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Just another American living in Sweden


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eurovision song contest

If you don’t recall my other post about Eurovision, read up here. There I explain all about how the contest works. Guess what, one week ago today, Sweden did it again!

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This post won’t be quite the same detailed run-down as my previous post was, but I will have you know that I personally think that this year’s Eurovision Song Contest was the best one I have ever seen. Every country that made it to the final really stepped it up. Every single song and artist was truly amazing. And I’m pretty hard to please, seeing as I’m a native English speaker I’m hard on artists. If they can’t sing in English, I’m a firm advocate for them singing in their native tongue. This year, however, no one’s English caused me to cringe or want to turn off my TV. Everyone brought their A-game.

That being said, here are the results, as well as links to the songs from the official ESC site.

ESC(picture found here)

  1. Sweden – Måns Zelmerlöw – Heroes: 365
  2. Russia – Polina Gagarina – A Million Voices: 303
  3. Italy – Il Volo – Grande Amore: 292
  4. Belgium – Loïc Nottet – Rhythm Inside: 217
  5. Australia – Guy Sebastian – Tonight Again: 196
  6. Latvia – Aminata – Love Injected: 186
  7. Estonia – Elina Born & Stig Rästa – Goodbye To Yesterday: 106
  8. Norway – Morland & Debrah Scarlett – A Monster Like Me: 102
  9. Israel – Nadav Guedj – Golden Boy: 97
  10. Serbia – Bojana Stamenov – Beauty Never Lies: 53
  11. Georgia – Nina Sublatti – Warrior: 51
  12. Azerbaijan – Elnur Huseynov – Hour of the Wolf: 49
  13. Montenegro – Knez – Adio: 44
  14. Slovenia – Maraaya – Here For You: 39
  15. Romania – Voltaj – De La Capat/All Over Again: 35
  16. Armenia – Genealogy – Face the Shadow: 34
  17. Albania – Elhaida Dani – I’m Alive: 34
  18. Lithuania – Monika Linkyté and Vaidas Baumila – This Time: 30
  19. Greece – Maria Elena Kyriakou – One Last Breath: 23
  20. Hungary – Boggie – Wars for Nothing: 19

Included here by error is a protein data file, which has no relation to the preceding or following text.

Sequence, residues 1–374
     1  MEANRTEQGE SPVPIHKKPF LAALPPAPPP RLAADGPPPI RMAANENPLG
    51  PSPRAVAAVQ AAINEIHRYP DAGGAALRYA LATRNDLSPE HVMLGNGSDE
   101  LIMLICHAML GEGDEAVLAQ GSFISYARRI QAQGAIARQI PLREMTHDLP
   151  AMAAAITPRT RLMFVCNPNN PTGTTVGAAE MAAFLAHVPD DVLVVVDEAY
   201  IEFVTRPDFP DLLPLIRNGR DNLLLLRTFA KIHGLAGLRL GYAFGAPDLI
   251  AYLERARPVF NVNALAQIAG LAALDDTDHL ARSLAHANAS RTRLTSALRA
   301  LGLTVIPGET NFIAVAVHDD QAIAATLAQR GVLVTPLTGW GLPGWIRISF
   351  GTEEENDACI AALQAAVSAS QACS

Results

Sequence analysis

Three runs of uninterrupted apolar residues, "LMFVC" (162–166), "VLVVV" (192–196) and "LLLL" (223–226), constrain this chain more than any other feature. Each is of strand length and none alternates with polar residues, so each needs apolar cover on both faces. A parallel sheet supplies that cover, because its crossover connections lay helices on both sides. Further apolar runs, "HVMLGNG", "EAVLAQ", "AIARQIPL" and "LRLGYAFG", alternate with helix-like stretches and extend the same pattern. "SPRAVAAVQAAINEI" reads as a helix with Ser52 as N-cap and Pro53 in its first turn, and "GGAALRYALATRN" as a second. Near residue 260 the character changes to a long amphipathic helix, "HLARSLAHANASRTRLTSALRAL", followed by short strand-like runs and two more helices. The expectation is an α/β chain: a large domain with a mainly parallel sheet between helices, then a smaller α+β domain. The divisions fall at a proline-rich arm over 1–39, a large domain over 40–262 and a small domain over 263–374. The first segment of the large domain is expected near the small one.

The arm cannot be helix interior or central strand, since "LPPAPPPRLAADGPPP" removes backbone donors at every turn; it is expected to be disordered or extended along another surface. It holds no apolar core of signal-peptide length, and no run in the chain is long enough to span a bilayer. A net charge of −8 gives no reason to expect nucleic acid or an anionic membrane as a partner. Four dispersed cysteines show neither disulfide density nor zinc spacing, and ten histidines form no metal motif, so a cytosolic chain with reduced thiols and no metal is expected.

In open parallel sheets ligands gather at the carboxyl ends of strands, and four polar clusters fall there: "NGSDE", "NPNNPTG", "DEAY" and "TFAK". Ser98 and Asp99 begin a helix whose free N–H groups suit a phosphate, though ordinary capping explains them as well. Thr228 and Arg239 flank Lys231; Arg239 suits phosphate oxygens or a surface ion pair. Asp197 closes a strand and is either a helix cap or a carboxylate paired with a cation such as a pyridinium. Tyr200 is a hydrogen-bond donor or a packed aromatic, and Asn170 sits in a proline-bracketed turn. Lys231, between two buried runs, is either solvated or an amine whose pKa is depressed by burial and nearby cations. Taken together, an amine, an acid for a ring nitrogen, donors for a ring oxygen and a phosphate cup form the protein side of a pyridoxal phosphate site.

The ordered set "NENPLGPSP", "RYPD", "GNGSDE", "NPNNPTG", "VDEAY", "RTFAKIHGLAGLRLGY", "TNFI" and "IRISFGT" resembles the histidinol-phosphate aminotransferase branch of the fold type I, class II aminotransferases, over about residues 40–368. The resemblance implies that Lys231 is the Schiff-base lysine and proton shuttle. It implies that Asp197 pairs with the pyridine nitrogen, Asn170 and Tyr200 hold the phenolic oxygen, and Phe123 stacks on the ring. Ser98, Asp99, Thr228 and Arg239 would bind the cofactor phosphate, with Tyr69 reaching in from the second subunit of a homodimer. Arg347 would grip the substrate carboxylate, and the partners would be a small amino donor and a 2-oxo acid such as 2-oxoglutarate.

21. Spain – Edurne – Amanecer: 15
  22. Cyprus – John Karayiannis – One Thing I Should Have Done: 11
  23. Poland – Monika Kuszynska – In the Name of Love: 10
  24. United Kingdom – Electro Velvet – Still in Love With You: 5
  25. France Lisa Angell – N’oubliez Pas: 4
  26. Germany – Ann Sophie – Black Smoke: 0
  27. Austria – The Makemakes – I am Yours: 0

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Definitely click the link to listen to Sweden’s song, and I even encourage you to click all the links. Form your own opinion. Learn a little about European music. Although I thought this year’s performances were above and beyond, as per the usual I did not agree with this year’s voting.

If I was the Queen of the Eurovision Song Contest this is how I would have ranked the songs:

My list

This year’s song contest did not occur without a little drama. Half way through the contest Russia was winning. The audience did not like this, and they started booing when Russia received points. The TV hosts reminded the audience that the song contest is completely outside of politics, and all artists should be supported. A bit later on a Sweden chant began.

Little awkward, but the ESC has been very pro LGBTQ, and Russia these days is the opposite of that. So, although awkward, not unsurprising in the least. I do think that what the hosts said was important though, the music is the focus, and the music this year was GREAT.

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I’m super glad Sweden won, and if any of you readers can get me tickets to the song contest next spring I would be forever in your debt!

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twenty three. buy a guitar and learn five songs

After four successfully completed goals I thought it time to bring up one that remains incomplete.
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Now, I did not buy a guitar in the past 3 years, nor have I learned to play five songs. But that doesn’t mean I haven’t gotten anywhere with this one.
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Guitar
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I did borrow a guitar from work, and signed up for a guitar course on Coursera. When I wrote the goal of five songs I imagined picking five of my all time favorite songs. But as time went on, I thought I might settle for Mary had a Little Lamb and Twinkle Twinkle Little Star. Mostly because this would also be fun to play at work. And Ke$al’s Cannibal isn’t really appropriate for pre-school aged children.
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But, also, Baa Baa Black Sheep is probably a lot easier to play.
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Well, as mentioned, this one still remains on the to do list. Maybe I’ll have to take five weeks of paid vacation this fall and learn me some guitar.
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melodifestivalen

Melodifestivalen, what is it? Well it directly translates to Melody Festival. Idiomatically it translates to Song Festival. I’m sure you never would have guessed that, so I’m glad to help. As you all remember my thoroughly in-depth description and analysis of Eurovision 2012, I’m now here to explain how Sweden chooses the song they send to Eurovision. (Get caught up on Eurovision here.)

Eurovision 2013 was held in Sweden, where Denmark won. (If you have been waiting for my analysis of Eurovision 2013, it’s not happening. Sorry for the letdown.) This year the song contest will be held in Denmark.